If your bearded dragon has a thyroid problem you could try steaming the spring greens first to break down the goitrogens and reduce the thyroid issues associated with them. To be fair though, we’ve never tried to feed a bearded dragon on steamed or otherwise cooked spring greens, so we’re not sure if they’d even try it.

How Much Spring Green Should I Feed A Bearded Dragon?

Spring greens can be fed every day. They should be placed in a suitable dish in the morning and can be left in the vivarium all day – replacing when they get too dry or have been mostly eaten. You’ll not overfeed spring greens to your bearded dragon so don’t worry if they eat loads.

Spring greens should be dusted lightly with a calcium supplement to increase the calcium content at least twice a week. They can also be lightly sprinkled with some water before being placed in the dish to help keep them a little bit more fresh throughout the day.

Place the spring greens and salad mix at the cool end of the vivarium so that they last longer before drying out. Dried spring greens aren’t going to be appetizing for your bearded dragon. You may find you need to replace them at least once throughout the day if your bearded dragon hasn’t eaten them before they go dry and wrinkly.

You should mix in other vegetables to give your dragon some variety, but there’s no upper limit on how much they can have.

Nutritional Data For Spring Greens For Bearded Dragons

Nutritional ItemContent
Water Content (%)89.62
Fat (%)1
Protein (%)3.0%
Dietary Fibre (%)3.4%
Calcium (mg/100g)210 (0.210%)
Potassium (mg/100g)251 (0.251%)
Phosphorous (mg/100g)Unavailable from source
Vitamin A (ug/100g)108
Vitamin C (ug/100g)39.6
Oxalates (mg/100g)Unknown
Nutritional Data For Spring Greens For Bearded Dragons [1][2]

Can I Grow My Own Spring Greens?

Spring greens seeds are almost impossible to find in our experience. This seems to be because the term Spring Greens is a bit of a generic term for a particular variant of the Brassica oleracea plant – of which there are a number of variants. We have found some seeds that appear to be what we would understand as spring green seeds available on Amazon but these are specific variety of cabbage.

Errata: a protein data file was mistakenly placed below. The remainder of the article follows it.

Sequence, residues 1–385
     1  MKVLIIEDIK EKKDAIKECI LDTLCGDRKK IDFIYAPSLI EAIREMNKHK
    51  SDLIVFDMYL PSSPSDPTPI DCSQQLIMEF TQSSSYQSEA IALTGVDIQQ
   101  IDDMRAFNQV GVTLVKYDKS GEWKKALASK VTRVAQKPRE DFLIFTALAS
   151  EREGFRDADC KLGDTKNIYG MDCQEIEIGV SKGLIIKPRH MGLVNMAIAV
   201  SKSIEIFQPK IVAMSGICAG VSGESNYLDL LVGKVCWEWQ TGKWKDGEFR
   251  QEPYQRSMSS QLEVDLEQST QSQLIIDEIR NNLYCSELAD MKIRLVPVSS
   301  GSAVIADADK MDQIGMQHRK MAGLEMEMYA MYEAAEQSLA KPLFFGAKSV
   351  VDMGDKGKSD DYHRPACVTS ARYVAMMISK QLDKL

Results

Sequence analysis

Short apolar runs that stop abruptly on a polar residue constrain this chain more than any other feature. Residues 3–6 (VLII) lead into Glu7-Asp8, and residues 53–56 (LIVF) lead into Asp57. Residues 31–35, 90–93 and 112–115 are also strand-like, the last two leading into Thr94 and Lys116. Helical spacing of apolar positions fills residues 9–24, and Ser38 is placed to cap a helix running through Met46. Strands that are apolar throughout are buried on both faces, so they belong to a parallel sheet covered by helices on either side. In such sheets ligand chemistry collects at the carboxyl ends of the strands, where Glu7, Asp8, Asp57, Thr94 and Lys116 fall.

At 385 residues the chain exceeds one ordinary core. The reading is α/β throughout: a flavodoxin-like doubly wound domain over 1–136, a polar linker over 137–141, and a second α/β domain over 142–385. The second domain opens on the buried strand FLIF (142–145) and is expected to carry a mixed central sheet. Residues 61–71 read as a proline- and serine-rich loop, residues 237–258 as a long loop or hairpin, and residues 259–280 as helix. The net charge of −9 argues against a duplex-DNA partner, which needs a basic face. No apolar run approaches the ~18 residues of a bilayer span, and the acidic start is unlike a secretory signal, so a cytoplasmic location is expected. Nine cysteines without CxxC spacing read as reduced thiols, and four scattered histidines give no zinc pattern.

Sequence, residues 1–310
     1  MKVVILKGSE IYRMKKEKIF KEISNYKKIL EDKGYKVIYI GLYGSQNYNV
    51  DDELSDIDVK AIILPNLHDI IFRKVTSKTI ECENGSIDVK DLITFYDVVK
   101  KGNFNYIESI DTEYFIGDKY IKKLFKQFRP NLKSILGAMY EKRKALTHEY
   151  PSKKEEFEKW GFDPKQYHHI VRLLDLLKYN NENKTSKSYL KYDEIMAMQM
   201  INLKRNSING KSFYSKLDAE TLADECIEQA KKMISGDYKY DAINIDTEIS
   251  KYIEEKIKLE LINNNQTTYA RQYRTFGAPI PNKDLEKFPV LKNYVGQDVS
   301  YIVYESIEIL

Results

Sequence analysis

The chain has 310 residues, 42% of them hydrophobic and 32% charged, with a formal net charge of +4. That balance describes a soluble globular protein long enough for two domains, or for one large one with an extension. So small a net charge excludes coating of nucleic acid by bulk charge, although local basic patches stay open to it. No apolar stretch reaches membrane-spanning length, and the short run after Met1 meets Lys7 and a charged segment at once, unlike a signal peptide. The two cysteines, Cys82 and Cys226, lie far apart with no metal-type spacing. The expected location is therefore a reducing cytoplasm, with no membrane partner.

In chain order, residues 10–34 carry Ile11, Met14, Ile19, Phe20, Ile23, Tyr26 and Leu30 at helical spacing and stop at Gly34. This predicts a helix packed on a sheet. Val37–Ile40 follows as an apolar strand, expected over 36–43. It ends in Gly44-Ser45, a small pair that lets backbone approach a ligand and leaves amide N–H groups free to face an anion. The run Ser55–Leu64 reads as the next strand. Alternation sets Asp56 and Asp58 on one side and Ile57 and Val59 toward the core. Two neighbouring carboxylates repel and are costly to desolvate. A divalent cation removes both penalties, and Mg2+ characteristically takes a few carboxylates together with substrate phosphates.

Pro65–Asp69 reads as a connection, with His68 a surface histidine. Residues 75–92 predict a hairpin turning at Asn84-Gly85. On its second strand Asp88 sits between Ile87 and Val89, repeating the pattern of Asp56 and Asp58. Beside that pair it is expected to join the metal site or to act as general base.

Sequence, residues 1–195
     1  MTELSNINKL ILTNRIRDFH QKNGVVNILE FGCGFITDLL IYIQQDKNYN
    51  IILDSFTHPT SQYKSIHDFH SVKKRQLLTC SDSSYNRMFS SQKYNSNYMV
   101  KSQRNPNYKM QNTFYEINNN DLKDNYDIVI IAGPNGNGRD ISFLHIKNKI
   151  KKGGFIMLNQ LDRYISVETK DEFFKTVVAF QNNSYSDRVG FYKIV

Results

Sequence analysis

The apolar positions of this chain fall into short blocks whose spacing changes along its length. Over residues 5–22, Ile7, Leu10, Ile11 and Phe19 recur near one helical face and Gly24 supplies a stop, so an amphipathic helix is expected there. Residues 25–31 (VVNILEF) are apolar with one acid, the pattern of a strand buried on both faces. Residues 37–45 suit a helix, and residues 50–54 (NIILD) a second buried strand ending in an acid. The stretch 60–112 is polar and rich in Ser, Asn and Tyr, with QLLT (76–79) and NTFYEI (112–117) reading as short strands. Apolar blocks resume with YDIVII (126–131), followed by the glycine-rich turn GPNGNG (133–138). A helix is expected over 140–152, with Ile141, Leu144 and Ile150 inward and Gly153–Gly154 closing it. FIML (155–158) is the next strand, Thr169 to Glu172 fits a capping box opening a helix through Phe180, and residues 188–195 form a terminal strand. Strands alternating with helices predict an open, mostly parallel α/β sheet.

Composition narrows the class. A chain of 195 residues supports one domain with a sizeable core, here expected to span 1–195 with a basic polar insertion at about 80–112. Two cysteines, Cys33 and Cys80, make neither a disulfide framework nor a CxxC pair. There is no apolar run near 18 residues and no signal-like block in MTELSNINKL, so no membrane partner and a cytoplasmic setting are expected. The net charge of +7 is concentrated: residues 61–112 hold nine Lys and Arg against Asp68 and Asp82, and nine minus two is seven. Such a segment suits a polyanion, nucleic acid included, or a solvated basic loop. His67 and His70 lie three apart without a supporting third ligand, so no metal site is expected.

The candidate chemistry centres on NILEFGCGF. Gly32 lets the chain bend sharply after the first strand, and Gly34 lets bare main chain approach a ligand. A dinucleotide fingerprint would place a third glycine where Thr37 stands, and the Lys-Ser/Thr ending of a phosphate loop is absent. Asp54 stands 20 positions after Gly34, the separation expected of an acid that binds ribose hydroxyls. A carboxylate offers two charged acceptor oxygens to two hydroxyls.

We would instead recommend, if you’re growing your own, that you would probably be better off with Collard Green seeds instead. You can find out more about Collard greens here.


So, can bearded dragons eat spring greens and are spring greens for bearded dragons OK? The answer is yes, spring greens are an excellent leafy green vegetable for bearded dragons. They can be fed regularly, although should form part of a balanced diet so mixed with other vegetables too. Spring greens are a good source of calcium, fibre and water.

Frequency: STAPLE.

For more information on other vegetables that Bearded Dragons can eat, please see our larger overview post at ‘What Vegetables Can Bearded Dragons Eat?’


1: Eat This Much website, fetched on 6th February 2021 from,153295/

2: Oxalate data sourced from St Josephs Healthcare, Hamilton, Canada fetched on 1st February 2021 from

Featured Image by Bearded Dragons Rock